A few weeks ago, I led a workshop on family engagement for prevention specialists. I asked them what makes engaging families challenging. Here are some typical responses:

  • Families are busy.
  • The cycles of dysfunction in so many families.
  • Every family is different.
  • It’s hard to access families.
  • Families don’t want help.
  • Finding transportation to participate in programs.
  • The families we hope to reach don’t show up. We’re just  singing to the choir.

These comments are consistent with what we hear in other workshops and also see in the research. Schools, community organizations, prevention coalitions, faith-based organizations, and many others all recognize the importance of family engagement. They also recognize how hard it is to engage families in their programs or as partners in children’s learning and development.

A top challenge in education

The 2013 MetLife Survey of the American Teacher: Challenges for School Leadership found that “engaging parents and the community” is one of the top three challenges facing school leadership—right behind “addressing the individual needs of diverse learners” and “managing the budget and resources to meet school needs.”

Complicating matters, family engagement seems to get harder as children get older. In the same survey, 82% of secondary school principals said it was challenging or very challenging to engage families and the communities, compared to 68% of elementary school principals.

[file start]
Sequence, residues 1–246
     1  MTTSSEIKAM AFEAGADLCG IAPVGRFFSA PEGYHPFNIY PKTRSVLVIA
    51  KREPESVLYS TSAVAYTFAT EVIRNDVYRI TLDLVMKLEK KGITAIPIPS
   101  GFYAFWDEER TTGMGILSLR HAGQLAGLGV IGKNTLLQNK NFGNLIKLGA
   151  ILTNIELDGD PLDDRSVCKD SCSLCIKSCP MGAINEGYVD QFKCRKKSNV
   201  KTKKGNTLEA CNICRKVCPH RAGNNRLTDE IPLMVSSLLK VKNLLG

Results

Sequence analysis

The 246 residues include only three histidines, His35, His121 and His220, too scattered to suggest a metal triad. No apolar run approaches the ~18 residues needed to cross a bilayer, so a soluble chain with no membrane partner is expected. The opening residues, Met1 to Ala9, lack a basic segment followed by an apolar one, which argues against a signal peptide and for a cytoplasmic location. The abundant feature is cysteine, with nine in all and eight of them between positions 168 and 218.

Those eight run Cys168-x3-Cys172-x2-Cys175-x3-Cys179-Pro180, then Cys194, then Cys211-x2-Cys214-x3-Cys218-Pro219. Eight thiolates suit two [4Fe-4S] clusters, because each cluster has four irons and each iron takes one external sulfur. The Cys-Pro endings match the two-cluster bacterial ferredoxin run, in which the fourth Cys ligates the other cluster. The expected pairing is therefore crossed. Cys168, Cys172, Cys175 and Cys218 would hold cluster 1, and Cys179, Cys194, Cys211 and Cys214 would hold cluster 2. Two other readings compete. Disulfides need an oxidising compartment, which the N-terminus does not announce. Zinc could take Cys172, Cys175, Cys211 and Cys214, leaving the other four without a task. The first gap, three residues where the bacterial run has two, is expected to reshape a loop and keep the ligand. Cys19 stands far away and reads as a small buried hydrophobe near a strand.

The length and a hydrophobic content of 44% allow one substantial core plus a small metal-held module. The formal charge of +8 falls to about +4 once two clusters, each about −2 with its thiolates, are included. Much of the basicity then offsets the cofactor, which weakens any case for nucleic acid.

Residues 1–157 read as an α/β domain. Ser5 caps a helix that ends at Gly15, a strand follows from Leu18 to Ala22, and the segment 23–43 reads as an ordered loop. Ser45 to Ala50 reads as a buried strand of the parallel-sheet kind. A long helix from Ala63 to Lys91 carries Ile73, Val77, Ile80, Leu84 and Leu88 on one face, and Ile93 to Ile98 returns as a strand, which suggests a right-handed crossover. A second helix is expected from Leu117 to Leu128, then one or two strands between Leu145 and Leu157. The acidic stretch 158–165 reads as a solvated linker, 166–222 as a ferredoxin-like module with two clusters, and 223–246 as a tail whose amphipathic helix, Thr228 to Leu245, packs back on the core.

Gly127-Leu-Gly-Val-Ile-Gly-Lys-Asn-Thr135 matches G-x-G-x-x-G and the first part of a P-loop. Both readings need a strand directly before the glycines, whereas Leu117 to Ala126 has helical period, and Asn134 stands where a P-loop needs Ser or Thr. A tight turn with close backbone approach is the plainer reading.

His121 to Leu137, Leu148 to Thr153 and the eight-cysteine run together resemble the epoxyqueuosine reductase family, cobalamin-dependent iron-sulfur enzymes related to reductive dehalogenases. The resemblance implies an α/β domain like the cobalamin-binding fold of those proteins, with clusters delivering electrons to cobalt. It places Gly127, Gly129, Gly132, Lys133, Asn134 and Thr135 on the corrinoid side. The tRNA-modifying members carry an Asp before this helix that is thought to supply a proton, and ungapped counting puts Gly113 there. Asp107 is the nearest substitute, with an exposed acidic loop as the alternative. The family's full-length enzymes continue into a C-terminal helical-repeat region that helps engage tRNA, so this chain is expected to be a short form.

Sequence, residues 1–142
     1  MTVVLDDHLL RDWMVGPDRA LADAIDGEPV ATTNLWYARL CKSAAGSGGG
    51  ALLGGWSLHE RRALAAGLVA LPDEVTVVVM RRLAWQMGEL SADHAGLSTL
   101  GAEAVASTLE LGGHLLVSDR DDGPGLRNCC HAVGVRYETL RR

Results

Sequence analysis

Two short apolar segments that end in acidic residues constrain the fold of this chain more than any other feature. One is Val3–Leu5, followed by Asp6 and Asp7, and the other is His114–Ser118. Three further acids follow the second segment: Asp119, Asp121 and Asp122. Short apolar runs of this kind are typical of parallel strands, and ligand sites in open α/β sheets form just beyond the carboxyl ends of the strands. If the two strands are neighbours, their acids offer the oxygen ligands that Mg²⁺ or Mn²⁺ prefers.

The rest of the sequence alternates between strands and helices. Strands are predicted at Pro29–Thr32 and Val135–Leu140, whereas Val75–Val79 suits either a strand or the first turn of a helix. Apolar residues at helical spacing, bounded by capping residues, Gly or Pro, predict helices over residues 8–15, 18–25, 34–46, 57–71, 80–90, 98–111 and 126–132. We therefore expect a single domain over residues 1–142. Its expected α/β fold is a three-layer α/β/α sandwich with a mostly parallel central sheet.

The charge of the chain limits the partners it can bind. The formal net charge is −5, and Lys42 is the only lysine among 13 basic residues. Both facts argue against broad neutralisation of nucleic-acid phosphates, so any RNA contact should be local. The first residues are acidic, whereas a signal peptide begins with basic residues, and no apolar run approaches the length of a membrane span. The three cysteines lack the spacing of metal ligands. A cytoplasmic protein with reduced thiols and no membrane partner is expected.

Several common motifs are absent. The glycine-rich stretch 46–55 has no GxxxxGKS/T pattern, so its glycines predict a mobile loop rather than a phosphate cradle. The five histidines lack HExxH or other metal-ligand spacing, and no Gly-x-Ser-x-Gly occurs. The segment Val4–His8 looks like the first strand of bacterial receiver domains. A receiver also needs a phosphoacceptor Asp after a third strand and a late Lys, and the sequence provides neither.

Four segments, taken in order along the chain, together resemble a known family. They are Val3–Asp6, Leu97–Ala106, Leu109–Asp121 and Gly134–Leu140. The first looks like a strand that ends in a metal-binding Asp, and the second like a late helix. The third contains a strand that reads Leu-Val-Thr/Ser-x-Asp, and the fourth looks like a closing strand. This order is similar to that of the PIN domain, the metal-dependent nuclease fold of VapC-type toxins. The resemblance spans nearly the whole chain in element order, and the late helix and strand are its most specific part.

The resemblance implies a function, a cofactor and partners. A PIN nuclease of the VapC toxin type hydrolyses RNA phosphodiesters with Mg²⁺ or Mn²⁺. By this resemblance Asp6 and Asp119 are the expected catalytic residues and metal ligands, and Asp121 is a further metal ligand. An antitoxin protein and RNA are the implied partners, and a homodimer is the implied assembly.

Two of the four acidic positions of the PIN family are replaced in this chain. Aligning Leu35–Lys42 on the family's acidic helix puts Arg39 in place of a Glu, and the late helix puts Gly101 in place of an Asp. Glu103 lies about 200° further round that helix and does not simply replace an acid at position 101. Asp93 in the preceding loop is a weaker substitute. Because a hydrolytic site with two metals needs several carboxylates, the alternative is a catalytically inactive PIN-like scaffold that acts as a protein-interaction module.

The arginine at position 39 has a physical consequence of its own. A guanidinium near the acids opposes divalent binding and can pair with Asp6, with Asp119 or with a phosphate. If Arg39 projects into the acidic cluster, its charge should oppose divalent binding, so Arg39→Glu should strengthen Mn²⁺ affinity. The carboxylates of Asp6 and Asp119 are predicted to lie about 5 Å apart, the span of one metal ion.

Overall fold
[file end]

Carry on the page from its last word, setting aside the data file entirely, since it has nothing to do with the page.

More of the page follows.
There is no single strategy to overcome the very real challenges to engaging families. But given the vital role that families play in young people’s learning, health, well-being, and development, it is crucial that we try new approaches to educate, engage, and empower families.

Asking different questions

This new approach starts by asking different questions. For example, our default is to assume that the blame lies with families who choose not to participate in our great programs. But what if Karen Mapp and Soo Hong are correct when they write: “it is our institutions and the programs, practices, and policies that school personnel design that are ‘hard to reach,’ not the families”?

Schools, community organizations, youth-serving organizations, and others can open up new possibilities by reflecting on their practices. This might include:

  • How might we re-imagine family engagement to focus on building trusting relationships with families, recognizing that nothing else we do will have much value if we don’t have meaningful connections and trust?
  • How might we develop a mindset of “inviting” parents to be part of a supportive learning community, rather than “recruiting” them to take in what we think they need to know and do?
  • How might we recognize and integrate into our strategies families’ strengths and resilience, even in the midst of their challenges?
  • How might we create spaces where families can focus on strengthening their relationships within and among families as the foundation for their impact in young people’s lives?

Answering these questions is not a quick fix. Connecting with families will continue to be challenging, particularly in communities that may be justifiably suspicious of our institutions and our motives. And too often, institutions have unwittingly made it harder by how we think about family engagement.

But when we take time to get to know families, listen to their stories and experiences (and share our own), and invite them to join us in doing what we can together to help their children grow up well, our chances of engaging them and tapping their power in young people’s lives will increase.

Learn more . . .

Explore these and other strategies by attending the next Keep Connected Institute, December 6 – 8, in Bloomington, Minnesota.

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